I ran a quick poll on App.net to see which features of OS X Mavericks people were looking forward to the most. Keep in mind that this crowd skews nerd-heavy, which is why–despite having many options to choose from–only four features made it into the results.
I’ve been working on the next entry in my series on writing. It’s about capture, and–spoiler alert–I rely pretty heavily on Drafts.
It took me a while to fully understand why this app is so amazing. Since it’s such an essential tool for my next piece, I thought it might be a good idea to explain my ah-ha moment. If you’ve looked at Drafts before and didn’t understand it, maybe I can help you see why it’s such a handy piece of software.
Here’s the secret: text doesn’t live in Drafts. Drafts is temporary storage; it’s not Evernote, and I don’t believe it was ever intended to be anything of the sort.
Sure, it has a nifty sync service to synchronize all of your notes between your devices, which is great. But the real power in Drafts is speed combined with the ability to send stuff elsewhere. It’s a high-velocity conduit. I use it primarily to send text to either Dropbox or Evernote (and sometimes OmniFocus).
“I already have the Evernote app installed. And I can save text to Dropbox with Byword/iA Writer/some other editor.” – You, just now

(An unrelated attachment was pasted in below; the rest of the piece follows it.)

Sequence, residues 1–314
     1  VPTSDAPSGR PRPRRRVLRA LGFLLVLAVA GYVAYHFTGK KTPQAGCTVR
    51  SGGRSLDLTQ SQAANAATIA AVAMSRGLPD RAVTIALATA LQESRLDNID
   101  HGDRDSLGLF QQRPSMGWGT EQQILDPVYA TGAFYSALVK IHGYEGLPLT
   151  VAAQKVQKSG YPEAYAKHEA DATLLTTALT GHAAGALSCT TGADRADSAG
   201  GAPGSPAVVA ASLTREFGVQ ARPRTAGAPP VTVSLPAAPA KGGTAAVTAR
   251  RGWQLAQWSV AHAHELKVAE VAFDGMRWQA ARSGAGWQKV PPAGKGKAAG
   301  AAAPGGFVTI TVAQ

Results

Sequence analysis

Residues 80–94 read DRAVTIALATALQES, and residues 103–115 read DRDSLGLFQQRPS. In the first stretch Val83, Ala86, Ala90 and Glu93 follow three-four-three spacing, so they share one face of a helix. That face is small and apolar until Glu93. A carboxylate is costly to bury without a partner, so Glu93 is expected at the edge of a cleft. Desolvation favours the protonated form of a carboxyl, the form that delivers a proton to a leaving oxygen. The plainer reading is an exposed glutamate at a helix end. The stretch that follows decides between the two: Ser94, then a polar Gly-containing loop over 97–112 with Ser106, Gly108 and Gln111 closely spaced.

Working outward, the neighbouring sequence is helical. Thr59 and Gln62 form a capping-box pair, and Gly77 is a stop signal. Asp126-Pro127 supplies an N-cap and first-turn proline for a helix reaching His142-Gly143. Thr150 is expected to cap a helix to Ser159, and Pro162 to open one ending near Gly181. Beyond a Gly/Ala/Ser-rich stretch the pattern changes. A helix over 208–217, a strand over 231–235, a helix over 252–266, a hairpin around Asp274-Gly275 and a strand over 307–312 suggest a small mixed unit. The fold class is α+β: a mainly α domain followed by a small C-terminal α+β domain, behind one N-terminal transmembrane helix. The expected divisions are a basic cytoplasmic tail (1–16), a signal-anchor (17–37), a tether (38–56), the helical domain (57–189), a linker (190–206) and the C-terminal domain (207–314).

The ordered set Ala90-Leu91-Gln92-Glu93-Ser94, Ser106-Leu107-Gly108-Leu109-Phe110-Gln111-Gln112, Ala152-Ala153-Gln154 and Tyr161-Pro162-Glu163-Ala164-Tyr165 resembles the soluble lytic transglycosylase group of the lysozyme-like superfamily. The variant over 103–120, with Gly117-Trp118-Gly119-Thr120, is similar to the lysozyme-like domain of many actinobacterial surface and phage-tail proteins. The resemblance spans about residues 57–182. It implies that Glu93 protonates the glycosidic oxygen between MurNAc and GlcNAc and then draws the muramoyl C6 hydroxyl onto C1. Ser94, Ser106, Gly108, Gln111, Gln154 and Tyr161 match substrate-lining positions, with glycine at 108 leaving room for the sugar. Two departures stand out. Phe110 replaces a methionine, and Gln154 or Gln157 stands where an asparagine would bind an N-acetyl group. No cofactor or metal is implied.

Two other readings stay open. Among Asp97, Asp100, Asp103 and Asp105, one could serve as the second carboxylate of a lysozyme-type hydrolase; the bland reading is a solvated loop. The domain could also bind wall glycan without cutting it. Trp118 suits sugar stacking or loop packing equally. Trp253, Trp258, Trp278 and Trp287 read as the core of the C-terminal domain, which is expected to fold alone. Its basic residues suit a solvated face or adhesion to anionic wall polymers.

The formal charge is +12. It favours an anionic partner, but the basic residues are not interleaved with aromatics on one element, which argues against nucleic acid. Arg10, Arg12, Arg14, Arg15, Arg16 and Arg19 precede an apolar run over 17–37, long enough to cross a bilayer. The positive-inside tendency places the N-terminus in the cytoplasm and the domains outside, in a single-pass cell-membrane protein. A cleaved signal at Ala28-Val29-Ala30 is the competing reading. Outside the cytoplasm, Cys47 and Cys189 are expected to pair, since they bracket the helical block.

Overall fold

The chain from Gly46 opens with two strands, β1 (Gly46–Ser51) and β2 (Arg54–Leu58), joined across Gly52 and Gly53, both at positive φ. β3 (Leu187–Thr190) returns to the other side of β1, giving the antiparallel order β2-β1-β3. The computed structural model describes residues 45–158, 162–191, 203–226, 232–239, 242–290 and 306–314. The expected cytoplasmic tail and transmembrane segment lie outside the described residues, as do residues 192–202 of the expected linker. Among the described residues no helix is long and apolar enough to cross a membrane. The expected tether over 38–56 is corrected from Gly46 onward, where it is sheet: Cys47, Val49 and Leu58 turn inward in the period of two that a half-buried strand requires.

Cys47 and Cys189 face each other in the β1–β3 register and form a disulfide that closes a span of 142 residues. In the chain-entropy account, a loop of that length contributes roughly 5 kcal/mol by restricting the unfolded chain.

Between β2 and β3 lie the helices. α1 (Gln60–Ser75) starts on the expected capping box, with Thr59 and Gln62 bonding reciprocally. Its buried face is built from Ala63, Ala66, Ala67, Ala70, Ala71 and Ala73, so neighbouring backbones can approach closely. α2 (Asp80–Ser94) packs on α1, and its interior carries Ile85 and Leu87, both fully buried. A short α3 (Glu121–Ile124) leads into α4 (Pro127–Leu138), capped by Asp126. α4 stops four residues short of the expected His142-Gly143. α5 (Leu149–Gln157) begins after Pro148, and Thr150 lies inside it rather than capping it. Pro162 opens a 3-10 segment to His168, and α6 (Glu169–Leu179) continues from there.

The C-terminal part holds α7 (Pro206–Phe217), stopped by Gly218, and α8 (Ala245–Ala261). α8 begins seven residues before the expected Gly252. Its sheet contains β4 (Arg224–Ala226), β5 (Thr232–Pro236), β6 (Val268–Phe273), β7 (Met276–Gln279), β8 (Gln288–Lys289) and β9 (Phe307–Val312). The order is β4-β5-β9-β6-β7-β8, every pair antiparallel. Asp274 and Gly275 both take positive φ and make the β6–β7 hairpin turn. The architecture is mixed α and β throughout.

Sure you can, but I’ll bet dollars to donuts that I can do it faster than you.
When I pick up my phone to jot something down, I never have to think, “Which app do I open? Where is this going to live? What type of thing am I making note of?” It all starts with Drafts, and once it’s written down, I can toss it into any number of lists, notebooks, or Dropbox folders with two taps. Drafts removes friction.1 It reduces the up-front cognitive load associated with persisting data in my outboard brain.
If you want to test the efficiency of any capture system, try getting an idea out of your head when your 18-month-old toddler is feeling particularly impatient. Drafts makes this possible for me. It’s earned a place in my dock on both my iPad and iPhone, and I don’t see it leaving anytime soon.
Again, these key-based systems are the norm, and–as was pointed out in this article–other messaging systems were forced to comply with government orders to institute man-in-he-middle interceptions. It wouldn’t be impossible for Apple to do the same.
That said, I’d be interested to know how they implemented this to make interception difficult. Sharing that knowledge with the industry might make us all safer while adding validity to their claims.
According to researchers who presented at the Hack the Box conference in Kuala Lumpur (via Macworld), it is actually possible for someone inside Apple to intercept messages because the company has access to public iMessage keys.
This isn’t a surprise–that’s just how encrypted messaging works. It’s Apple’s specific claim that they couldn’t decrypt any messages that’s going to draw the ire of the nerds.